infections are one of the most common illness in pet birds.
Even well cared for
birds are at risk of becoming sick because exotic birds are not well adapted to the
different types of
bacteria that are commonly found in the home or aviary environment. Pet birds
can get sick from a variety of bacteria that is present in the environment, as
well as bacteria
that is carried by mammals, and bacteria that is a normal part of their
digestive system. Poor nutrition, unsanitary cage conditions, stress and other
factors can all increase the likelihood of a pet cockatiel getting sick. Birds
can also have a sub-clinical infection with no visible symptoms. A
carrier-state bacterial infection is a time bomb situation. Left untreated, it
can lead to severe illness or death. An avian veterinarian should examine all of your birds at least once a year. The
doctor can screen your bird for bacteria, establish a sound nutritional
program and offer preventative advice.
Risk Factors for Bacterial Infections
Seed diets, especially if sprouted
Wild rodents in the environment
Dirty cage, food and water dishes
Water bottles and spray containers not changed daily
Unwashed or improperly stored fruits and vegetables
Under the sink water filters or dirty filters
Perishable food items left out too long
Direct contact with another infected bird or cage mate
Kitchen sponges, wash cloths and rags
Corn cob, walnut shell, wood and litter type cage bedding
Emotional stress or lack of sleep
Exposure to toxins and heavy metals
Other underlying illness
Excessive use of disinfectants
Kissing people or grooming facial hairs
Mouth feeding a bird
"Hanging Out" in the bathroom
Fish, reptile or amphibian tanks in the same room
People who have a cold or the flu
How to Prevent Bacterial Infections
Feed a balanced diet of pellets and healthy table foods.
Eliminate exposure to rodents.
Use paper products on cage bottom (black and white newspaper, white paper
towels, paper bags or recycled ground paper products).
Change papers on the bottom of the cage daily.
Provide a clean and dust free environment for your bird.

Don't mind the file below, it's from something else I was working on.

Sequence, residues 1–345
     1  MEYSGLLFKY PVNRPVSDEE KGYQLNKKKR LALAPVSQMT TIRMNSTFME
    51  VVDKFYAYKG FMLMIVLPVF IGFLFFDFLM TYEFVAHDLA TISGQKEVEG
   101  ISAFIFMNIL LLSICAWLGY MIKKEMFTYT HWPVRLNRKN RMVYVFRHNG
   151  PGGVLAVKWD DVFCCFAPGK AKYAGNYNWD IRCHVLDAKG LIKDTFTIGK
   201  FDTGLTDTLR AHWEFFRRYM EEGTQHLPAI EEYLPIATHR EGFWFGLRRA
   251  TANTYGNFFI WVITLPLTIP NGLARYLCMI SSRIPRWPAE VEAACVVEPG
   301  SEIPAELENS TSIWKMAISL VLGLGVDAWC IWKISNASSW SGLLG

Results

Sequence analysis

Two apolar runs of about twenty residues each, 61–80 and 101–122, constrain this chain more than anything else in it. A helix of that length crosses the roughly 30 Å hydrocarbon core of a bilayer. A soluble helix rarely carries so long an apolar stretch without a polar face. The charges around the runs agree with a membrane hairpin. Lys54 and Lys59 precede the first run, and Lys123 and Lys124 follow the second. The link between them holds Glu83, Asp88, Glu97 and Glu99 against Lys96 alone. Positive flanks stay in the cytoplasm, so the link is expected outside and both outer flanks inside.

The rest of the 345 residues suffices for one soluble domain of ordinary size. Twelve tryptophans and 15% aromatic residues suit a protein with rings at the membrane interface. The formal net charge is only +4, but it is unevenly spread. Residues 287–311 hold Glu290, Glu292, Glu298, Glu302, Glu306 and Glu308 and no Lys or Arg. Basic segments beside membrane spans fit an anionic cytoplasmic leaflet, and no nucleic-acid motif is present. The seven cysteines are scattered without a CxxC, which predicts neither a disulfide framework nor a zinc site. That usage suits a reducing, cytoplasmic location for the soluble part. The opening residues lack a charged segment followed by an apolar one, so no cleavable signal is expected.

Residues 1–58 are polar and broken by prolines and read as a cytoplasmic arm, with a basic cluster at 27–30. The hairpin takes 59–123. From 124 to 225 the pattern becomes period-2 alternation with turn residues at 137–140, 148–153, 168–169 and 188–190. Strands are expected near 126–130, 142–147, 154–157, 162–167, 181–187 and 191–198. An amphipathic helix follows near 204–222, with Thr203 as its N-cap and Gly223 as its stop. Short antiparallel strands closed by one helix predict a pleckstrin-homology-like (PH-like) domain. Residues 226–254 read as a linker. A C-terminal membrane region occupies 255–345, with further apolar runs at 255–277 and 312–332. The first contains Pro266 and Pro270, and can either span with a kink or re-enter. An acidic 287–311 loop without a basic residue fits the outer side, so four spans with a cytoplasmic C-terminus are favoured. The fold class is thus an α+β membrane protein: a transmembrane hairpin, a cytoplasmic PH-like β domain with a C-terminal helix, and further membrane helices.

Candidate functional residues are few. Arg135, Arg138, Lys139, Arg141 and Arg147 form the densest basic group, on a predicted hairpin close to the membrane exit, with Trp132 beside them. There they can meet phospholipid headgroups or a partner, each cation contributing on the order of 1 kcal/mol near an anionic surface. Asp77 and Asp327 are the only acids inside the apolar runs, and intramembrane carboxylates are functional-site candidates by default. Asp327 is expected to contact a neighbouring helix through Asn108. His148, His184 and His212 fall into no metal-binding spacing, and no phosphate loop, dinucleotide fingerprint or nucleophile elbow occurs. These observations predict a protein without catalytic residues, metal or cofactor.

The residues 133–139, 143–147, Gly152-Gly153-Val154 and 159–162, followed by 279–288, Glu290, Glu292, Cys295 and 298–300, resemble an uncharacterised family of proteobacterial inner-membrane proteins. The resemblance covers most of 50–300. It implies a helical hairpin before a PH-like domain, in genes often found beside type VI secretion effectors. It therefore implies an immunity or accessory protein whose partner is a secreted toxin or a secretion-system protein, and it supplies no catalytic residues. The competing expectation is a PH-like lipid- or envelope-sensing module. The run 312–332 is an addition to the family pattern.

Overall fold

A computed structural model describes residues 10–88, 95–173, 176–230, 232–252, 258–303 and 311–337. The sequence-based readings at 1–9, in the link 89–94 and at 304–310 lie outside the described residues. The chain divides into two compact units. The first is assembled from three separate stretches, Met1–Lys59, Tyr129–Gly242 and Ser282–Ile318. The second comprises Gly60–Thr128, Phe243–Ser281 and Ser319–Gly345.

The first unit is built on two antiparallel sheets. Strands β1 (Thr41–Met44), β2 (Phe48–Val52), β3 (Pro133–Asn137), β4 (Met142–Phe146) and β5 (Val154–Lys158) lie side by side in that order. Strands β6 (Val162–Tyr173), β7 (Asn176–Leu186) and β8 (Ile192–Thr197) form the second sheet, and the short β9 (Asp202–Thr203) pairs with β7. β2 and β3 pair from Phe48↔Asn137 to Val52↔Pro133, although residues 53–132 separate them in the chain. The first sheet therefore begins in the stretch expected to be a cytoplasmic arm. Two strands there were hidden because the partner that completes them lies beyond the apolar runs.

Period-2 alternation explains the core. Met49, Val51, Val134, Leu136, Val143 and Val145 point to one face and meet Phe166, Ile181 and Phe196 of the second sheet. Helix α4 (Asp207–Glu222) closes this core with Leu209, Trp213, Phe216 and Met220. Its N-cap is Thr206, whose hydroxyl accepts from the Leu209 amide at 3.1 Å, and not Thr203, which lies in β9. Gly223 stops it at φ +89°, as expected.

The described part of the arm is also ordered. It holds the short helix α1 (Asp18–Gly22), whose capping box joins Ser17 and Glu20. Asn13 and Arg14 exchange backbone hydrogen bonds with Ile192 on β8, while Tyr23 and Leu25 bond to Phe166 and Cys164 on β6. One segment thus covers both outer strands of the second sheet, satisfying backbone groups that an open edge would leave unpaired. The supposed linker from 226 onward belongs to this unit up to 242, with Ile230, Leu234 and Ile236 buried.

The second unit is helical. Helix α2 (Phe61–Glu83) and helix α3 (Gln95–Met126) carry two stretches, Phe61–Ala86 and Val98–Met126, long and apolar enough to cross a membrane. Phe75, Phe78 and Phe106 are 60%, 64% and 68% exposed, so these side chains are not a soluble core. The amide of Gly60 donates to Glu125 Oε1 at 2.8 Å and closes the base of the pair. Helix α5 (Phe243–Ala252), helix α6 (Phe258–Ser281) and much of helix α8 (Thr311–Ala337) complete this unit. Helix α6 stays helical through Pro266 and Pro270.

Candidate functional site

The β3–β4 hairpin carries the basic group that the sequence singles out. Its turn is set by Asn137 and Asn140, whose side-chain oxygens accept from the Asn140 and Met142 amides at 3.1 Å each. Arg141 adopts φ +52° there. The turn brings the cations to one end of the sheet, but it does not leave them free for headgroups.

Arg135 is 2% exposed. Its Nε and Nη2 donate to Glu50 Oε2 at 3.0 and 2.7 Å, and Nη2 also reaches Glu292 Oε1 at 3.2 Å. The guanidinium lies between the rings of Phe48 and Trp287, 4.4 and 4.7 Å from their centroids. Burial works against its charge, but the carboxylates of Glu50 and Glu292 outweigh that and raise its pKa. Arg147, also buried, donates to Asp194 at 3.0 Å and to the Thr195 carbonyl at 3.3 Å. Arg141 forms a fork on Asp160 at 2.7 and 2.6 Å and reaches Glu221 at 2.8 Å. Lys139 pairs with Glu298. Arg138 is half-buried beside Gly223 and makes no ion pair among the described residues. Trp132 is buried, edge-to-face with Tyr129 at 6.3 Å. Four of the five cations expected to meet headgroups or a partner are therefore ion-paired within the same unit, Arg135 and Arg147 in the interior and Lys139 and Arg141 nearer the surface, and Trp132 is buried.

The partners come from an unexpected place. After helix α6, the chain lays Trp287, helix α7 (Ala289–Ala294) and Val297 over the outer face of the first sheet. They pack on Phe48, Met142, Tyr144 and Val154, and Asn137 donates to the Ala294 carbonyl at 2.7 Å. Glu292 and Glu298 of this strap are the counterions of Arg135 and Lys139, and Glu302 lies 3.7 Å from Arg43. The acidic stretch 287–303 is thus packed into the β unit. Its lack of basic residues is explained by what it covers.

Disinfect as recommended by your avian vet and not for routine
Wash fruits and vegetable before serving, not before refrigerating.
Store refrigerated fruits and vegetables in air-tight containers like Zip
Lock bags or sealed plastic containers.
Remove uneaten perishable food items from your bird's cage after a few
Avoid using water from "under the sink" water filters.
Change water filters regularly as per manufacturer's recommendations.
Avoid using water from under the sink water filters
Boiling water for 10 minutes will kill bacteria.
Water bottles should be changed daily and soaked weekly for 30 minutes in
1 part bleach to 10 parts water solution then rinsed thoroughly.
Spray bottles used for misting baths should be emptied after each use and
allowed to dry between uses.
Avoid using sponges and rags to clean bowls.
Wash food and water dishes daily with soap and water and dry with a paper
put in dishwasher.
Allow 10-12 hours of uninterrupted sleep each night and some privacy in
Do not allow birds to roam unsupervised or chew on paint and other
Avoid exposure to birds of unknown health status.
Don't let your bird come in contact with dogs, cats or other mammals or
with their bowls, food, water and toys.
Keep fish, reptile and amphibian tanks in another room and wash your hands
Prevent birds from kissing people's mouths or grooming face and nostril hairs.
Close toilet bowl lid at all times, especially when flushing.
Wash you hands after blowing your nose, using the bathroom, handling meats
and prior to handling your bird.
If you have a cold or the flu, avoid handling your bird
All birds should receive a medical exam from an avian vet once a year to
rule out infections and other health problems.
Medical Treatment of Bacterial Infections
Even the best care is not enough to prevent occasional bacterial infections
Birds can carry bacteria for a long time without showing symptoms and then
suddenly get sick. For this reason it's always better to eliminate infections
before your bird shows obvious signs of being sick. Your avian vet may recommend
supplements of normal bacteria if the infection is very mild or as a
preventative for birds with recurrent problems. More often a course of
antibiotics will be prescribed and cage disinfecting may be recommended. An
infected bird should be re-checked after treatment to make sure the problem is
gone. Treatment failure can result from bacterial mutation resistance to
antibiotics, incomplete treatments or from persistent sources of bacteria in the
environment. These sources must be found and eliminated in order for treatment to be
effective in the long run.